The new vampire flick Jakob's Wife premiered this week at the South by Southwest (SXSW) Film Festival, and watching the movie can be a bloody good time for big horror fans. Starring genre fan favorite Barbara Crampton (Re-Animator, Chopping Mall) as a bored housewife-turned-vampire, the movie is co-written and directed by Travis Stevens, the director of the well-received 2019 ghost movie Girl on the Third Floor.
Jakob's Wife stars Barbara Crampton as Anne Fedder, the wife of a small-town pastor who deeply loves her husband but has grown weary of what her life has become. Larry Fessenden (You're Next, We Are Still Here) co-stars as Jakob Fedder, Anne's husband, who clearly cares for her as well, even if their lives have become completely unexciting. Their relationship is put to the ultimate test when a rendezvous with an old flame results in Anne getting bitten by a vampire, and Jakob must decide if he wants to stand by his wife in light of her new... condition.
One thing about Jakob's Wife is that it seemingly couldn't quite decide what kind of movie it wanted to be. At the start, Stevens does a great job setting the tone for a dark and creepy vampire movie. We make a hard right turn into dark comedy soon after Anne's transformation into a vampire, and by the end, it's nearly become an all-out slapstick comedy. That's not to say that I didn't enjoy these comedic moments - there were several scenes that made me laugh out loud - but the drastic shift in tone halfway through made the movie feel less cohesive.
Even the death scenes were pretty funny, though I get the feeling they were designed to be that way. Just a small nick on the neck will result in a seemingly-endless fountain of blood gushing from the wound. Other unfortunate souls nearly lose their heads completely in other scenes, with even more blood to go around. It's excessive to the point of being comical, but that makes it no less entertaining. The body count is fairly high, so if the sight of blood makes you squeamish, Jakob's Wife won't be for you.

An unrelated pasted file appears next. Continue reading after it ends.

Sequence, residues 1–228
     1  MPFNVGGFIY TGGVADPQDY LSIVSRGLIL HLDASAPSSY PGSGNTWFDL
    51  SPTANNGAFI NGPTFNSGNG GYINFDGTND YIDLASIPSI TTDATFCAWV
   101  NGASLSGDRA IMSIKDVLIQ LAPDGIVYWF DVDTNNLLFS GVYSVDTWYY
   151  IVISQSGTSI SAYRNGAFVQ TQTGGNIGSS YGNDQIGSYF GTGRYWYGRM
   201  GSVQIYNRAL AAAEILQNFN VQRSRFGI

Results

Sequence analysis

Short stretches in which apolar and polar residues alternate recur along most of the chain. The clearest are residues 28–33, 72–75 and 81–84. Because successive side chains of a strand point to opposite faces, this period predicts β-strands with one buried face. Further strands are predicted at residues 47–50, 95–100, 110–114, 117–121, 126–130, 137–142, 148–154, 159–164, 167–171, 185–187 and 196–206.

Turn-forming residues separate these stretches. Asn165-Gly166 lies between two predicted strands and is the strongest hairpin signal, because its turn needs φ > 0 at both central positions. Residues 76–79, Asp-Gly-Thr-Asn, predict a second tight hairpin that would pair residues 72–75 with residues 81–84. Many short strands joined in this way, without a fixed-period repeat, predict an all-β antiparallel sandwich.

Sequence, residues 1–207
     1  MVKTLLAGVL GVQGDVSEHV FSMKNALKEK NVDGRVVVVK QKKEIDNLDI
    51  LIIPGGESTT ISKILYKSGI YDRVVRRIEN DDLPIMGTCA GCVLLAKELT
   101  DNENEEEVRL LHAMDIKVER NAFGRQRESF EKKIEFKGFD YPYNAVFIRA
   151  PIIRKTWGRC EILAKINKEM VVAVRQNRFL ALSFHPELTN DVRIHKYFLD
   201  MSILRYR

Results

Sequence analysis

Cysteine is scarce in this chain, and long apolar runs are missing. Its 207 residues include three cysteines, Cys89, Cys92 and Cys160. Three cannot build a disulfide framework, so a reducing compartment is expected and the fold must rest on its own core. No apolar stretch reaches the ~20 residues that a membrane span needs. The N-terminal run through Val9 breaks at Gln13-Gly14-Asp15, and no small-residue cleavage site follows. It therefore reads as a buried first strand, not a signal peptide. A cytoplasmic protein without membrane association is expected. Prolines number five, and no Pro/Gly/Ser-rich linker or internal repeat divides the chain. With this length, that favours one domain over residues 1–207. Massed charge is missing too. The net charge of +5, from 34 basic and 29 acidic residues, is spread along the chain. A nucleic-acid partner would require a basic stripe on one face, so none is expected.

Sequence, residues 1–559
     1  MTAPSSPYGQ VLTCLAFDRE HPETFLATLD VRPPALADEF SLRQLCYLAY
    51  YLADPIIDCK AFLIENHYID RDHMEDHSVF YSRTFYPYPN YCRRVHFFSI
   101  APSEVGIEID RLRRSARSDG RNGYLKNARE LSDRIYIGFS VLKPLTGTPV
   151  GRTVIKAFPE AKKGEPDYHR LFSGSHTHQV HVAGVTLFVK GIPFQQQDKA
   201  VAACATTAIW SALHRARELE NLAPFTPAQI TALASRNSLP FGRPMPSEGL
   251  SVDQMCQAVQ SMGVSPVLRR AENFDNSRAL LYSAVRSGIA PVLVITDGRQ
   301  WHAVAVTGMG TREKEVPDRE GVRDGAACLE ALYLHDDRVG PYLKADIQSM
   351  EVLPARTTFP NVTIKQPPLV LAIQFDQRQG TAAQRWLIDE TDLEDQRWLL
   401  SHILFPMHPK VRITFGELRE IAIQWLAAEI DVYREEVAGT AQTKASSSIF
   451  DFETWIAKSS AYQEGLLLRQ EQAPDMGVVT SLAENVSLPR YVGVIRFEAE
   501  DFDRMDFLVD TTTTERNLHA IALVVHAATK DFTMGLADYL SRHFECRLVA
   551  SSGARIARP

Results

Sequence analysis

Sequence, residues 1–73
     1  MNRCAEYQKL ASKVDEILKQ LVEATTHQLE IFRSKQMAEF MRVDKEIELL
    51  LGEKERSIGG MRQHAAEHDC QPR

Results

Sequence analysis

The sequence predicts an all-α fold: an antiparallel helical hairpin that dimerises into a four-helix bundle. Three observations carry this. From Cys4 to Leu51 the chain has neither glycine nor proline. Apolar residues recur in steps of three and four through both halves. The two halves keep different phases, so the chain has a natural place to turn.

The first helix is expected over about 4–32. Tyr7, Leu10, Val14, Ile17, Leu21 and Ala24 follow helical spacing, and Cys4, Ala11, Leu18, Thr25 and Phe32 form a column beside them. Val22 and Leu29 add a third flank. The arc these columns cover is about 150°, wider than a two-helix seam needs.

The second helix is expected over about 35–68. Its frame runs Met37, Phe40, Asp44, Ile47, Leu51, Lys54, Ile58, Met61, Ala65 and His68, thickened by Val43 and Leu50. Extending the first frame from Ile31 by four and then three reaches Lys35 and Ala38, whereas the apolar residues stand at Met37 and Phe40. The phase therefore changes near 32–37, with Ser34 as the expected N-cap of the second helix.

Something that makes these gruesome deaths work so well would be the excellent practical effects. The kills are extremely graphic, but they sure do look amazing. The design of the Master vampire character, wonderfully played by The Nun star Bonnie Aarons, also looks rather fantastic. Classic horror fans might appreciate the Nosferatu-style look of the vampire as I did, as even during comedic scenes, the creature maintained its creepy vibe all the while, thanks to Aarons' performance and the effects.
All around, the acting in Jakob's Wife was superb, so even with the gallons of blood pouring out on screen every so often, the movie never feels too cheesy. In both the serious and the more comedic scenes, Crampton delivers as she always does, and her role as Anne already stands out as one of her most memorable performances. Fessenden is also not your traditional vampire movie hero, and yet he just brings a certain charm to the role of Jakob that really had me rooting for his character from start to finish. Meanwhile, wrestling fans will get a kick out of CM Punk's small but memorable role as a police officer.
At the end of the day, Jakob's Wife is a gore-soaked good time and a fun watch for horror fans, and especially so for those who love Barbara Crampton and/or vampire movies. The movie held its world premiere at SXSW this week and is set to be released in theaters, on-demand, and digitally in the United States on April 16, 2021.